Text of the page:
Super middleweight kingpin Andre Ward ended a fourteen-month layoff last night, winning a lopsided decision over Edwin Rodriguez at Citizens Business Bank Arena in Ontario, California. But not before a few unexpected transactions had cleared.
First, there was Rodriguez, who, unable to lose another ounce from his spent body, weighed in two pounds over the super-middleweight limit. Those two pounds cost Rodriguez 20% of his $1,000,000 purse; with $100,000 lining the pockets of the California State Athletic Commission and $100,000 going to Ward. Rodriguez also had to weigh in below 180 pounds Saturday morning, which he did.
But the fun didn’t stop there. Rifling through the trash that is the WBA rules and regulations, Team Ward struck upon a rule stating that, “A boxer who refuses to attempt to make weight during the two-hour extension shall forfeit 45% of his purse, with 30% going to the promoter and 15% to his opponent.” There were rumblings Saturday that the fight was in jeopardy unless this additional penalty was paid. One might ask why Rodriguez would have bothered trying to make weight on Friday with a deal in place for Saturday. Or ask whether Rodriguez really tried to make weight, perhaps planning to forego $200,000 for the opportunity to ride the crest of a victory over Ward to greater spoils. And did Ward, Oakland, California, really take Rodriguez’ unprofessionalism so personally, or was Rodriguez being raked over the coals for the VADA drama that preceded the fight (where Rodriguez showed Ward up by agreeing to drug testing)? Whatever the answers to those questions, Ward entered the ring with a chip on his shoulder, and beat on Rodriguez like, well, like Rodriguez owed him money.
Knowing his opponent could be rusty, and perhaps doubting his own stamina, Rodriguez, Worcester, Massachusetts, exploded from his corner. He tried to bully Ward, but Ward smothered him like a fire blanket. The first four rounds resembled the type of glorified mercy fight Ward is criticized for: holding and hitting, rabbit punching and wrestling served with a sprinkling of punches for color. Referee Jack Reiss admonished both fighters early, but he was just getting started. In the fourth, a Rodriguez headlock led to a scrum, forced Reiss to get heavy-handed. He docked both fighters two points each, meaning the next point deduction could result in a disqualification. Feeling plucky, Reiss also recommended both fighters be fined for the melee. What comes of Reiss’ sermon remains to be seen, but the threat of not getting paid was enough to make both fighters wary of getting caught again. Which is not to say the rest of the fight was clean—it was not. There was plenty of holding, mugging, rabbit punching and low blows, but even in these ugly moments, Ward’s superiority shone through.
Using lead left hooks and right crosses, crisp combinations and a punishing jab, Ward laid into the overmatched Rodriguez. Fighters become conditioned to anticipate the same combinations they learn to throw. Knowing Rodriguez expected him to throw jab, cross, hook, Ward instead threw jab, cross, jab. As a result, Rodriguez, his gloves protecting his temples, repeatedly took Ward’s jab flush in the face. Conversely, when Rodriguez expected the jab, Ward dealt him a hook. It was an educated, precise assault, and Rodriguez was nearly helpless from the outside, save for a few counter rights to the body. But Ward, as nasty as they come, saved his most malicious work for the trenches.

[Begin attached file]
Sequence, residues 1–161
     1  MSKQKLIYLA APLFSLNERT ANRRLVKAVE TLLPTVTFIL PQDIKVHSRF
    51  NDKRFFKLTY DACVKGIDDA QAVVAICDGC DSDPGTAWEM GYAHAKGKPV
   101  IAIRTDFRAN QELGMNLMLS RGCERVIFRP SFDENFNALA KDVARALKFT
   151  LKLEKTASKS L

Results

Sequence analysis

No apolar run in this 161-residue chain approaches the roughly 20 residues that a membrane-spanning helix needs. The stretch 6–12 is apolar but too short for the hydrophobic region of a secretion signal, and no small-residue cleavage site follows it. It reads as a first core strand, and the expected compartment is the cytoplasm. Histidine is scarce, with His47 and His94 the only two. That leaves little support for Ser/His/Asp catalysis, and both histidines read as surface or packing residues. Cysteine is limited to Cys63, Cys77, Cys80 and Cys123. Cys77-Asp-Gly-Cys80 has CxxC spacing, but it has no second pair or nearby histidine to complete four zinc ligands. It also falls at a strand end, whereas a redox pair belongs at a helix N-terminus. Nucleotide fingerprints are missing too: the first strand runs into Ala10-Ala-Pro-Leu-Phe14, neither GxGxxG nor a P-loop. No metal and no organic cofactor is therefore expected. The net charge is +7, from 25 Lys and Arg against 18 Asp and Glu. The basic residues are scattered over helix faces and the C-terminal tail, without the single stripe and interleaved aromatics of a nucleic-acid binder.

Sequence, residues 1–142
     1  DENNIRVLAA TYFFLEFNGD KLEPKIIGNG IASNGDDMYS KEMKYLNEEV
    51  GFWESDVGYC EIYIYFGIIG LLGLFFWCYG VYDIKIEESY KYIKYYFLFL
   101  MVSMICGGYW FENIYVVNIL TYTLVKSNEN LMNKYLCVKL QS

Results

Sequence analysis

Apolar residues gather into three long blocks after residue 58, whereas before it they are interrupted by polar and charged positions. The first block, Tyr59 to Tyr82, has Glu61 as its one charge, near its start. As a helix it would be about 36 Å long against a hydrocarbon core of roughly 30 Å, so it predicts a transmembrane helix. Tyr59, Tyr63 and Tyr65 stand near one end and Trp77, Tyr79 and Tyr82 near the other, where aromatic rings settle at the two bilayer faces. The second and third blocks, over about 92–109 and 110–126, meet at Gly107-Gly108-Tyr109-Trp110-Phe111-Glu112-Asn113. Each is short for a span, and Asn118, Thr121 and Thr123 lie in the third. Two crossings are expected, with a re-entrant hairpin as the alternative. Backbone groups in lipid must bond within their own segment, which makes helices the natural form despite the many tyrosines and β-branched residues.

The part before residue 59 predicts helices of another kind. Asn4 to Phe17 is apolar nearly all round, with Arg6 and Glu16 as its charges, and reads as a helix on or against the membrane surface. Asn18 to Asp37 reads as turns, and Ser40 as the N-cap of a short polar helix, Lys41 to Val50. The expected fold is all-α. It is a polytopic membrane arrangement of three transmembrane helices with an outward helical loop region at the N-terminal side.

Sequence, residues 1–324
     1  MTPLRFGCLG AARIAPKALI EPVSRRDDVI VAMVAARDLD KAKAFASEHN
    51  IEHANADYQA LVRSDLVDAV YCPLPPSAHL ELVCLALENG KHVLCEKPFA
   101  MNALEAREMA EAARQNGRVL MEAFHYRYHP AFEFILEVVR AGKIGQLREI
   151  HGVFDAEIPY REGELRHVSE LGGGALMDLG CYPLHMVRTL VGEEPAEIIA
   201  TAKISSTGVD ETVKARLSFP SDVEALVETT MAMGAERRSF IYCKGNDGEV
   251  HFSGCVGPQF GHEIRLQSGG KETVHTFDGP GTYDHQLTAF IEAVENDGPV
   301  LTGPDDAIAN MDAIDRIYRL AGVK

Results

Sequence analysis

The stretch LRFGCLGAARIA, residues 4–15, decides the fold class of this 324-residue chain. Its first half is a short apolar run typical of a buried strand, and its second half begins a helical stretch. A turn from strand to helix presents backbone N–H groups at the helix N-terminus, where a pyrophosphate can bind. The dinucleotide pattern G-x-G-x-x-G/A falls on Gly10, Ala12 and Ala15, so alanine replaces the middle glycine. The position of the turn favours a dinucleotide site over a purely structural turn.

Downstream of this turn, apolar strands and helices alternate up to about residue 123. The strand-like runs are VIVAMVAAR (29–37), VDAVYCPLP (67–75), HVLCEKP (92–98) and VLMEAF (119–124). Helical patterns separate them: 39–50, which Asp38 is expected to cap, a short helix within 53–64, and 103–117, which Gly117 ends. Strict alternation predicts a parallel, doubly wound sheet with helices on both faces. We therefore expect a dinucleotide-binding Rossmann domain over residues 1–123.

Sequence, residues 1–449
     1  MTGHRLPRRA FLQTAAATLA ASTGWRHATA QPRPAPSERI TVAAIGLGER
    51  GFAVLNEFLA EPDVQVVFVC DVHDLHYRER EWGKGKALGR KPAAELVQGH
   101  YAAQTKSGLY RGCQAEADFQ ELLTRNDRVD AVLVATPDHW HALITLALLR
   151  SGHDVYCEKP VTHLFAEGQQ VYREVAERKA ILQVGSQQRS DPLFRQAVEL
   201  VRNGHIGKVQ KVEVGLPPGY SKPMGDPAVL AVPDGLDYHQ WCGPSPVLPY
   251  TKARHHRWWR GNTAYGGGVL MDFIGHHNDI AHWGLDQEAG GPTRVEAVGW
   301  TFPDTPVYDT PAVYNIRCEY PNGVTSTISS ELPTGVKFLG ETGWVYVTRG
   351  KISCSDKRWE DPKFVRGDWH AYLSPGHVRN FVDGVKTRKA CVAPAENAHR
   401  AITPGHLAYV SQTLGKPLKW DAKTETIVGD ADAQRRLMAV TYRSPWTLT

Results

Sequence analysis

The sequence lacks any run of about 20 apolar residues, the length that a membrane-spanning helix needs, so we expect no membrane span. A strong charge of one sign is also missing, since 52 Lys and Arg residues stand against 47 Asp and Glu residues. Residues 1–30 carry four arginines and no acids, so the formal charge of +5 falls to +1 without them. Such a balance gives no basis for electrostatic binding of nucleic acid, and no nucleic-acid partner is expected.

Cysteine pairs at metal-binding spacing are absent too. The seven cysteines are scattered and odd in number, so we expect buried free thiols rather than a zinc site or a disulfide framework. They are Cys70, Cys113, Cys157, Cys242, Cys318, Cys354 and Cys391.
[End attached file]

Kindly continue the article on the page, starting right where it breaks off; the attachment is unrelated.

In close, Ward isn’t looking for a breather, and unlike Bernard Hopkins, he is not there to clown. No, when Ward is in a clinch, he is looking to hurt. Using his feet to take angles, Ward snarls and strikes like a wolverine in a snare. This does not make for a pretty fight, nor does it absolve Ward for the dirty tactics he regularly employs. It does, however, reveal an understanding of craft missing from the fighters he so easily dispatches. Ward dominated Rodriguez, 24-1 (16), wherever he wanted, and by the middle rounds had complete control of the fight. When the twelve rounds of target practice ended, the scores read 118-106, 117-107, and 116-108 for Ward.
It was a dominant performance, one that surely made the suits at HBO squeal with glee. Ward, after all, is one of the flagship fighters for HBO; a fighter so dear to them that Rodriguez, an earnest but glorified tune up, was paid a million dollars. (And so much for HBO’s ban on fighters advised by Al Haymon.) Ward proved yet again that he is the class of the super middleweight division. When asked about potential opponents, Ward, 27-0 (14), said that he would prefer to simply be ready when his name is called. Who might come calling? Perhaps fellow HBO darling Gennady Golovkin, when he gets tired of pursuing Sergio Martinez. But Golovkin, a career middleweight, would struggle mightily against the speed, strength and savvy of Ward. No, if Ward is looking to distinguish himself, if he is looking for a test—which is different from actually finding one—he needs to move to light heavyweight, where punchers like Sergey Kovalev and Adonis Stevenson await. And he needs to start naming names. Because they do not flock to this “Son of God”.